With the 2017 season wrapped up, it is time for teams to start thinking about bolstering their lineups with free agents. From the wealthy Los Angeles Dodgers ($265 million payroll in 2017) to the lowly Milwaukee Brewers ($83 million in 2017), each team will be looking for the pieces that will help them topple the reigning Astros. The Toronto Blue Jays ($199 million in 2017) are no exception to the upcoming scramble to improve. With plenty of cash to work with, the Jays have one big question to tackle.

Should they sign one of the top elite pitchers in free agency?

You would think the answer is a resounding “duh”. With big fish to land like Yu Darvish, Jake Arrieta, and Lance Lynn, it makes sense for the Jays to explore these options. Imagine a rotation where Marco Estrada could represent the number four pitcher. If you are a Jays fan, you can stop salivating now and join me in an objective look at a way to manage the rotation.


Three rotation spots are spoken for when it comes to the upcoming 2018 season. Stroman, Sanchez, and Estrada will all be back. J.A. Happ is still under contract for another season. Joe Biagini may yet find his way into the rotation on a regular basis. It is possible, however unlikely, that a Ryan Borucki or Taylor Guerrieri might find their way into a job. It would be safe to say that right now, the Jays have at least 60% of their rotation figured out just from internal players, with Happ and Biagini representing another spot that could be either shared or part of a competition. Given that Happ is being paid $13m in 2018, it appears Biagini will once again find himself in the bullpen as a 7th inning man or a long reliever.

The bullpen is a bit trickier to figure out because so many of last years’ players are coming back. Tom Koehler, Aaron Loup, and start closer Roberto Osuna are all headed to arbitration, with Koehler and Loup on their third and final meeting. Ryan Tepera, Bo Schultz, Carlos Ramirez, Tim Mayza, Dominic Leone, Matt Dermody, and Danny Barnes are all team controlled. Barring a trade, next years’ bullpen will feature many familiar faces. The tricky part is determining whether there is value in exploring the elite relief pitchers available. Would Fernando Rodney take a demotion to be the 8th inning man on a possible-contender? Is Addison Reed worth the $7.75m he was paid last year by the Boston Red Sox? Is Mike Minor a secret steal at $4m? Do the Jays even feel that any of these elite pitchers bolster the lineup?


You can see how the questions are starting to mount up when it comes to investigating what opportunities are available. The Blue Jay bullpen was middle of the pack last season with a 4.21 ERA and was 29-26. Better writers have already explored the detailed statistical analysis, so I’ll opt to keep things simple: the top bullpens last year were Cleveland (2.89), Boston (3.15), the Yankees (3.34), and the Dodgers (3.38). Houston was middle of the pack, not far behind Toronto in ERA (4.27). The top four all made the playoffs, but the champion came from the middle of the pack. There’s no doubt that a team can ride a powerful ‘pen into the championship; see Kansas City two years ago. Upgrading the bullpen should be high (but not top) priority for the Jays.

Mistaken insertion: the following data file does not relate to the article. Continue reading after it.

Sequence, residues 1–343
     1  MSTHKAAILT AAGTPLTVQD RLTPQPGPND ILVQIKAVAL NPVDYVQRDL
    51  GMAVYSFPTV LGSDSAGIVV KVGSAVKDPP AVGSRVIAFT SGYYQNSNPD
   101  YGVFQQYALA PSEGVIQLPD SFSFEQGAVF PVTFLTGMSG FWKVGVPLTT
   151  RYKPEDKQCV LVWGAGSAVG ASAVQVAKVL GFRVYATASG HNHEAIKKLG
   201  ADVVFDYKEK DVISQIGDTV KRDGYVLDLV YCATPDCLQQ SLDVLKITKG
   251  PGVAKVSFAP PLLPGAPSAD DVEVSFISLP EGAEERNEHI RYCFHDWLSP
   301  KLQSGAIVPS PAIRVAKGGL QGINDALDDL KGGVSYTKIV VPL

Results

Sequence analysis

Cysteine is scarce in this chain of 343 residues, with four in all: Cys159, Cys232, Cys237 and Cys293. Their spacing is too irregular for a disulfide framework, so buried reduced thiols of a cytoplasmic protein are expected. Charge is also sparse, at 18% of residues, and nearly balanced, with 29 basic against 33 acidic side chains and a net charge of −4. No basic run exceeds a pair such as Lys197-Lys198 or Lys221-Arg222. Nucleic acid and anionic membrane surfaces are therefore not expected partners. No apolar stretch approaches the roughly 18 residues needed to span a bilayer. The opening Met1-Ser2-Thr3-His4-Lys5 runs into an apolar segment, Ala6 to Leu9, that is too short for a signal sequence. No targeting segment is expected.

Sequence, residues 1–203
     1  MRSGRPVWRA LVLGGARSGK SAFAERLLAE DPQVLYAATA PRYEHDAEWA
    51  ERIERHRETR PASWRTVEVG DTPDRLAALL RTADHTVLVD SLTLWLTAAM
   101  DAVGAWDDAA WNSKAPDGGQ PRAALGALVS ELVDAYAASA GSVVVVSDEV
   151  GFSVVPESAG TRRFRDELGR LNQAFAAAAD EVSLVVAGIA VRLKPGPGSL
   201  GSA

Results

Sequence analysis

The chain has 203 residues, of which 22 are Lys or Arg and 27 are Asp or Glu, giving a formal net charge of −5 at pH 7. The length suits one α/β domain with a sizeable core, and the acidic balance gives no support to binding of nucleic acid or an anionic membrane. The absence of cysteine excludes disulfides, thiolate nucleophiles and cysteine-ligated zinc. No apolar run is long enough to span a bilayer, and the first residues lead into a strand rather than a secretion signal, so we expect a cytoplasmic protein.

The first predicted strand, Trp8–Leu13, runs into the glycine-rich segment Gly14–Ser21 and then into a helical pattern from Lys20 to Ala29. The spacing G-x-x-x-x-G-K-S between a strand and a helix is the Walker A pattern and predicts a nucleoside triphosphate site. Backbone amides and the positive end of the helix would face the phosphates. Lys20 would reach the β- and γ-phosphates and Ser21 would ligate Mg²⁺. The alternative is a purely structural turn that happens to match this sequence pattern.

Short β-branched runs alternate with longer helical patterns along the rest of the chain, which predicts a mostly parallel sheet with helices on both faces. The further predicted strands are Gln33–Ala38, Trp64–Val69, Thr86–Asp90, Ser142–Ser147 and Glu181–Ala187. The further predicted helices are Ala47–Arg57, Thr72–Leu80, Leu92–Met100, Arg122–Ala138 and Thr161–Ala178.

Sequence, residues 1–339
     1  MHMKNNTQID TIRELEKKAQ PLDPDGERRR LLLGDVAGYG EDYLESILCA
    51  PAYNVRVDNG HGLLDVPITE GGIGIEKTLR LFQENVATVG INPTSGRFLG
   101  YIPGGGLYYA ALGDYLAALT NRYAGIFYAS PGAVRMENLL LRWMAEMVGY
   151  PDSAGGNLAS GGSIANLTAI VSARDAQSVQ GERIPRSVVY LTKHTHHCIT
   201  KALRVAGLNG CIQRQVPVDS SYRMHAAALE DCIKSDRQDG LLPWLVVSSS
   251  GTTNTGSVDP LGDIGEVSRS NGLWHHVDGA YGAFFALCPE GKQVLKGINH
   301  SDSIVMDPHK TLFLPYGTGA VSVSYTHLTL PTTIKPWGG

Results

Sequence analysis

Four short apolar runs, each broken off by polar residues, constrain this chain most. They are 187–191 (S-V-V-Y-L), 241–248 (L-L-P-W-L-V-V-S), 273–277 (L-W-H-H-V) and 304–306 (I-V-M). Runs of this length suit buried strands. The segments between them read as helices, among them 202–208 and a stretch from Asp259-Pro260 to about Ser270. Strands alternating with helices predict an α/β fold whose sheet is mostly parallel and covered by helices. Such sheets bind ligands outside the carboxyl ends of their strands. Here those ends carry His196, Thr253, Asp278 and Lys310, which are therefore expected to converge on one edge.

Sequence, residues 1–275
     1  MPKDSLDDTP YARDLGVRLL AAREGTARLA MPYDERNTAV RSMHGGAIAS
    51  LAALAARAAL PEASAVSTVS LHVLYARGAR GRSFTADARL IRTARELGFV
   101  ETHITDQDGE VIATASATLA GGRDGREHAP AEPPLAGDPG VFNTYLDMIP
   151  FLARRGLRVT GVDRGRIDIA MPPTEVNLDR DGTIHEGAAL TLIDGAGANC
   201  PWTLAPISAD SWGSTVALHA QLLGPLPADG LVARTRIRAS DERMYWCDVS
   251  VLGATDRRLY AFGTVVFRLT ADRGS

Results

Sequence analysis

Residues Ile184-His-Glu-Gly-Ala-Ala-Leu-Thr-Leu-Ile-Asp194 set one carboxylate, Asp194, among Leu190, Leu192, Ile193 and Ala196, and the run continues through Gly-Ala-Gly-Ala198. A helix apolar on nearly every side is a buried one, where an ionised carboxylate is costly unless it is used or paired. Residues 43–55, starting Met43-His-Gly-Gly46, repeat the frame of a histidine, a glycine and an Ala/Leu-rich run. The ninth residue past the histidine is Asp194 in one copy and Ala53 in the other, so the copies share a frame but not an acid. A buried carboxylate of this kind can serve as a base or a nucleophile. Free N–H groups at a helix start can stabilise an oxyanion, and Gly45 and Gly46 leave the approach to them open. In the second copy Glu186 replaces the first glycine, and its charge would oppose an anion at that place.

With the rotation clearly having an open slot and the Jays with money to spend, it makes sense that they will sign one of the top free agent pitchers. With the bullpen also in need of upgrading, it would be prudent to spread the money around instead of landing Darvish or Arietta and calling it a day. Let’s talk about Lance Lynn.

At 30 years old, Lynn has likely reached his peak a pitcher. That’s fine because to date, Lynn has a robust 72-47 record while sporting a career 3.38 ERA. His WAR last season was 2.9 and he was still able to rock an 11-8 record with a 3.03 ERA on a mediocre St. Louis Cardinals team that already has three good pitchers in Carlos Martinez, Michael Wacha, and Adam Wainwright. With Luke Weaver and Alex Reyes’ potential the Cards might look at Lynn’s potential cost as unnecessary. They’ll likely tender the qualifying offer ($17.4m) to ensure they will either get another season or compensation from him if he signs elsewhere. In my opinion, he hits the market knowing there’s a long-term deal to be had somewhere else. This is where the Jays enter and sweep him off his feet.

The Blue Jays can offer him a competitive, medium-term contract that would come with a cemented top 3 spot in their rotation. They need retooling in their bullpen as well, and there’s no doubt that Lynn comes at a significant discount compared to the big deals Darvish and Arietta will command. Rather than throw $20-$35m at these players, Lynn is sneakily good at his job and will likely be had for $13-$17m. The Jays get a great pitcher and extra money to throw at a Mike Minor (also sneakily good at his job) and the team suddenly has a better rotation and a bullpen.


As tempting as it may be to blast huge piles of cash at problem areas of the team, Mark Shapiro and Ross Atkins probably aren’t going to do that. Probably. Get used to the idea of seeing an almost-elite-but-actually-more-cost-effective player signed for both the rotation and the bullpen.








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